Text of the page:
In Short, Goldens live up to their names as being one of the gentlest dog breeds around, and scientists agree with this sentence.
Aggressive or Playful?
Is your dog aggressive or just too playful? This is a problem especially when it comes to puppies. Golden retriever puppies are very energetic and get overly excited very easily.
Golden Retriever puppies still don’t know exactly what is okay and what is not, so they will jump on everyone, bite everything, bark on anything that moves, and play tug with anything you try to take away from them.
They do all of this and then in a second crash into a 4-hour nap to recharge and then do it all-over again.
If your dog is under 18 months of age, they are probably not aggressive, they are just hyper-active. With proper training and socialization, they will stop all the unwanted behaviors such as jumping and pulling.
You can learn how to stop golden retriever biting here.
As for their energy, sorry to tell you, but golden retrievers remain energetic all their lives. They do calm down after their puppyhood, and you can learn when do golden retrievers exactly calm down here, but they will always have high-levels of energy.
To be able to determine if your golden retriever does have an aggression problem, let’s see what are the signs of aggression you need to look for…
Signs of Aggression in Golden Retrievers
Aggression is quite easy to spot on dogs, and most of us know how to spot it instinctively. Nonetheless, learning about the signs of aggression can help you spot it early and recognize the micro-aggressions that you may miss if you don’t recognize as clear signs of aggression.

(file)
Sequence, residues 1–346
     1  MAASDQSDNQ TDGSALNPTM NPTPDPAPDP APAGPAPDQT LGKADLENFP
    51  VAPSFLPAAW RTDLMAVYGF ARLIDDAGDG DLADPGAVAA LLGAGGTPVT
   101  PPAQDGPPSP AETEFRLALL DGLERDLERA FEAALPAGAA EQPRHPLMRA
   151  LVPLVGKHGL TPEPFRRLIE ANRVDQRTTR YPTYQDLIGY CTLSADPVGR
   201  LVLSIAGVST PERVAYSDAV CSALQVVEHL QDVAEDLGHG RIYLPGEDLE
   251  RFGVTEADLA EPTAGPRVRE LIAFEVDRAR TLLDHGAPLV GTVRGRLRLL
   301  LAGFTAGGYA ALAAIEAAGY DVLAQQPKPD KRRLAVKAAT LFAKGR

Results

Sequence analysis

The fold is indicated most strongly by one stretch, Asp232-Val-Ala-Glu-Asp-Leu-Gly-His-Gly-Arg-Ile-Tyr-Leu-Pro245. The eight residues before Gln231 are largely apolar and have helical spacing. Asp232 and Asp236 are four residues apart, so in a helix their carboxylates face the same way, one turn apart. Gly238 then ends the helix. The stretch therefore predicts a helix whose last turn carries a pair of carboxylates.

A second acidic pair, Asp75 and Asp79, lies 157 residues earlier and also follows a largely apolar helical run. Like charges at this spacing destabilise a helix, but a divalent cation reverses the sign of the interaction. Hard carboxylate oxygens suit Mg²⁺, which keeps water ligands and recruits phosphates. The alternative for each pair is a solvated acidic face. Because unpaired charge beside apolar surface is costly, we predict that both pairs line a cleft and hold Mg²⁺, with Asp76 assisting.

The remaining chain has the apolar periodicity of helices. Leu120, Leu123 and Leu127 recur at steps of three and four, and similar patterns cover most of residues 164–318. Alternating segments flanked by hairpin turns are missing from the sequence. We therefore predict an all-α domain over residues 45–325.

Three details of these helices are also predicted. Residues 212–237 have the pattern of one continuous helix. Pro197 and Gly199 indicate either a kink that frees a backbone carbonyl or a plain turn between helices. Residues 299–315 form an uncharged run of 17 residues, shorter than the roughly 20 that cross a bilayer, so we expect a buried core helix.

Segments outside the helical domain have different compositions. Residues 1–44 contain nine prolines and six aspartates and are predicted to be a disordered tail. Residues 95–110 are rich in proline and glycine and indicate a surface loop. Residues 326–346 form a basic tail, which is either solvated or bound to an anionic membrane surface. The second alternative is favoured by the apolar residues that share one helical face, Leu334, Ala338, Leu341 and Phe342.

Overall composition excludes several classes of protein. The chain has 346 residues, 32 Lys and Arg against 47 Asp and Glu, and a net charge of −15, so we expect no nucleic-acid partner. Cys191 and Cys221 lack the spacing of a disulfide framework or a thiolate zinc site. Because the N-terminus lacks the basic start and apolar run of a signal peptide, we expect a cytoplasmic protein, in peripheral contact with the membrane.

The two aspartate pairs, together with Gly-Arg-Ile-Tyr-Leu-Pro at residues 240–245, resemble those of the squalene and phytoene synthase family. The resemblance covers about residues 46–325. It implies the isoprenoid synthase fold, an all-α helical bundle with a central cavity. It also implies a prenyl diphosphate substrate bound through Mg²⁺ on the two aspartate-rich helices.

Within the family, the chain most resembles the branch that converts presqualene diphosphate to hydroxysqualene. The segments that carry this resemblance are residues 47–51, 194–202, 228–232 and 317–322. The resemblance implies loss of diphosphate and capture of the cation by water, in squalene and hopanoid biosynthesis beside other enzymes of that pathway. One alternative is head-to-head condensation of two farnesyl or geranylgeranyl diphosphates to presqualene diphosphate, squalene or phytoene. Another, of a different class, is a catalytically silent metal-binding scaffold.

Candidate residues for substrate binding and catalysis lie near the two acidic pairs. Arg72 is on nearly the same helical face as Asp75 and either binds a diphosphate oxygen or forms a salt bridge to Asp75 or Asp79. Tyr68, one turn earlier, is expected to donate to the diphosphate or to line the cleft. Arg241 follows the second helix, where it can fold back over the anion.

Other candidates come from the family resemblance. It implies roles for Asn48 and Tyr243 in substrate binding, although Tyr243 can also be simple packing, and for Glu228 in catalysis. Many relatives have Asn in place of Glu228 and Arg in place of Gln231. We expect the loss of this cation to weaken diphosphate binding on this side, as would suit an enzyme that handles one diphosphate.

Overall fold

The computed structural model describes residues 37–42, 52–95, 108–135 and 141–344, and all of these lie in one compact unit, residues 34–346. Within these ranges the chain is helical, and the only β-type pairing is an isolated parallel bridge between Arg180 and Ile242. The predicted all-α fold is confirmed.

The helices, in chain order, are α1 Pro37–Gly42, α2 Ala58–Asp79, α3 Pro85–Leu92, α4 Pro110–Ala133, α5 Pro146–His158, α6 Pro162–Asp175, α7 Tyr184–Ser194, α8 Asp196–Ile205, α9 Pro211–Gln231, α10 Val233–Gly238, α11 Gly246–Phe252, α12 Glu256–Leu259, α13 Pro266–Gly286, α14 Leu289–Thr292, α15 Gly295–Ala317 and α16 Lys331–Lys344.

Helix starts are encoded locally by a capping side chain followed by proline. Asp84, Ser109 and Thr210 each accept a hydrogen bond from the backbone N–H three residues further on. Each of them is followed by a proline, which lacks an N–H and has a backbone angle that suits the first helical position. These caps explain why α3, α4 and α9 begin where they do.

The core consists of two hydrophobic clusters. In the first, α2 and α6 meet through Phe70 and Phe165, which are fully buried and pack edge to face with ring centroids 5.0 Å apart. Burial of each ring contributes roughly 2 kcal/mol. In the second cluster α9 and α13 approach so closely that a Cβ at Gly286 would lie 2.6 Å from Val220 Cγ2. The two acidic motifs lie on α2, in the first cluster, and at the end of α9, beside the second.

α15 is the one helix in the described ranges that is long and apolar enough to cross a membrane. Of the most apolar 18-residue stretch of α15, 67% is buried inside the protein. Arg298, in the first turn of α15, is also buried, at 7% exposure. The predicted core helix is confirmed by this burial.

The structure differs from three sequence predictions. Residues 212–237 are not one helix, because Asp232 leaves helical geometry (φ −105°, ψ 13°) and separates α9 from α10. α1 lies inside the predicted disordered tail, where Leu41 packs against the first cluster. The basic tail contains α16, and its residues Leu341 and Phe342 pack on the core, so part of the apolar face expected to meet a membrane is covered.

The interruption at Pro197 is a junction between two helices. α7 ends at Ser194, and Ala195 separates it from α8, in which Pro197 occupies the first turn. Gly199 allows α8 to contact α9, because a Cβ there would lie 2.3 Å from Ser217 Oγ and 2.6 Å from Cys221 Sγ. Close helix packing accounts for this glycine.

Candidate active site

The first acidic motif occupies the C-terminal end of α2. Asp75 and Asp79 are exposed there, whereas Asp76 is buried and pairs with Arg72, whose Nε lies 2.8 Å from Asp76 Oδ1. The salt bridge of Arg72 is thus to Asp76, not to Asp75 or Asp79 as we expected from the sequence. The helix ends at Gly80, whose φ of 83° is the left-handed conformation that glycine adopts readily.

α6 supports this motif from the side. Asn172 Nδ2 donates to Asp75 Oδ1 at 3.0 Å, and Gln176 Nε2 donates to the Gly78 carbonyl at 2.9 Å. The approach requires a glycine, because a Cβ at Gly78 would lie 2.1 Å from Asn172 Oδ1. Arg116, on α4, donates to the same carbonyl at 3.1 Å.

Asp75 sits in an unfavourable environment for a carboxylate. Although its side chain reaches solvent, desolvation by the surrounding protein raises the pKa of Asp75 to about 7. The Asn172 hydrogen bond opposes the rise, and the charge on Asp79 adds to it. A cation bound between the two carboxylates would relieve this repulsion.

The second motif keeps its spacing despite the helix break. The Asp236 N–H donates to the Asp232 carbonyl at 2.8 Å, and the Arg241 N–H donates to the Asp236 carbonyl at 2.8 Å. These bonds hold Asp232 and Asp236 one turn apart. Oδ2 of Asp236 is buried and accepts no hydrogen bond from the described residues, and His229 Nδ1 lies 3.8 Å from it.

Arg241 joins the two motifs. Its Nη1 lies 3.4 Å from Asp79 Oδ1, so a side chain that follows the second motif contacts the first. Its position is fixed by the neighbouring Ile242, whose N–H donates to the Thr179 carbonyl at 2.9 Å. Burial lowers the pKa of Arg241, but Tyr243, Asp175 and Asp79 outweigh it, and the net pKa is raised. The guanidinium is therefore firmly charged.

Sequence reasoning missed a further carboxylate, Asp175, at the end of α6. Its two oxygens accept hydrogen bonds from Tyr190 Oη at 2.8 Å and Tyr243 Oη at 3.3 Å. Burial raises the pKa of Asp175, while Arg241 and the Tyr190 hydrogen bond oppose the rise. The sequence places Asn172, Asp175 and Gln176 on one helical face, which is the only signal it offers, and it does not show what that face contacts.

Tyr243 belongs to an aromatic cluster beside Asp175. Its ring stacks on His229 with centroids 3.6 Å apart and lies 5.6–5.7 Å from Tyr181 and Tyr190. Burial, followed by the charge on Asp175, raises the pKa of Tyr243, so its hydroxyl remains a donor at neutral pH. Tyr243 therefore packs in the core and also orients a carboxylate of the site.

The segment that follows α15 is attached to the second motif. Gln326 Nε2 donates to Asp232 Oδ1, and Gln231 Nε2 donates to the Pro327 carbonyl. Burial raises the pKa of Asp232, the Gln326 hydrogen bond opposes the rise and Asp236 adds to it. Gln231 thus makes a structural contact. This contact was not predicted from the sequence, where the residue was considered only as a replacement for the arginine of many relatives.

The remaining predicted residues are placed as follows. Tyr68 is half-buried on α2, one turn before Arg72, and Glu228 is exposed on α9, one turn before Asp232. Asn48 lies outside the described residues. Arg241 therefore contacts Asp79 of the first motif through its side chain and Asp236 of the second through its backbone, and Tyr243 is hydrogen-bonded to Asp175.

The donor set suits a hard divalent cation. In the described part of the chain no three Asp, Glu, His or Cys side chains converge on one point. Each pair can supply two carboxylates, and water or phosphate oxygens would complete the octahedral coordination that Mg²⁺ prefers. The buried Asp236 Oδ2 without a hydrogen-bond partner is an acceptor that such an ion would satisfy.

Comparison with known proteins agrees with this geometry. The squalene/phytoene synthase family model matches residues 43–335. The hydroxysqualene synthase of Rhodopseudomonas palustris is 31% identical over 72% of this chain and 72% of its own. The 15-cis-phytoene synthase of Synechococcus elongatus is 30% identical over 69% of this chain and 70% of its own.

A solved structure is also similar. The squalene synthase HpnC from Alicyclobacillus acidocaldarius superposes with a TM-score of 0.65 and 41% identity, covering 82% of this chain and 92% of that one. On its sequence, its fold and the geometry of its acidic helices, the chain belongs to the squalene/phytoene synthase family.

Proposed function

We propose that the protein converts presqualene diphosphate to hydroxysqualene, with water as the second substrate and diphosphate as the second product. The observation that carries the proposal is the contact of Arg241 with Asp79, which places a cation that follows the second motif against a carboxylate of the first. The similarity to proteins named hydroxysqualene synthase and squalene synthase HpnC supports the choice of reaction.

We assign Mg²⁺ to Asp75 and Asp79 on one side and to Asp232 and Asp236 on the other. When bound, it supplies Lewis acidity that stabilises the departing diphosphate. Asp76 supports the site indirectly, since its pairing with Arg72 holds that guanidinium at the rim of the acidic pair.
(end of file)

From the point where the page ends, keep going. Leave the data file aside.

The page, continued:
Here are the signs of aggression that are easy to spot:
- Wide eyes
- Ears pulled back
- Tense mouth or curled lips
- Wrinkled nose
- Showing teeth
- Air Snapping
There are also more subtle forms of aggression, these are what we may call “passive aggression”, but in dogs, passive aggression will quickly turn into normal aggression if not handled correctly.
This leads us to our next section; why do golden retrievers get aggressive?
9 Causes/Types of Aggression in Golden Retrievers
The most common types and/or causes of aggression in golden retrievers are:
- Fear Aggression
- Territorial Aggression
- Domination Aggression
- Possessive Aggression (of owners, toys, etc)
- Maternal Aggression
- Pain Aggression
- Mating Aggression
- Neglect Aggression
- Separation Anxiety Aggression
Let’s go over each of these quickly and see what is the cause the triggers the aggression, what are the signs for each type of them, and how you can recognize it.
Fear Aggression is the most common type of aggression in dogs in general. It’s instinctive and very strong that it will take over the dog’s entire body and mind in seconds.
Fear Aggression is triggered by a frightening experience. For example, fireworks and thunder are known to cause fear in all dogs, but so can storms, car backfires, and gunshot sounds.
But it’s not only sounds and lights that can cause fear.
Negative experiences in the past can also cause fear. If the dog was abused by their past owner, even a familiar smell can trigger fear in the dog and make them scared, which can turn to aggression.
While Golden Retrievers are not territorial animals by nature, they still possess some territorial instincts. Territorial aggression can be triggered by strange people or dogs coming over the house. At these situations, the dog will start barking and try to scare them away.
It can also be seen when you welcome home a new dog or a cat and the dog will start being protective of their territory as they are used to being alone so they think it’s their own place and not to be shared with another animal.
It’s worth noting here that in general, dogs are good with other animals in the house, especially cats, and you can learn more about how to introduce your golden and cat to each other and help them live harmoniously.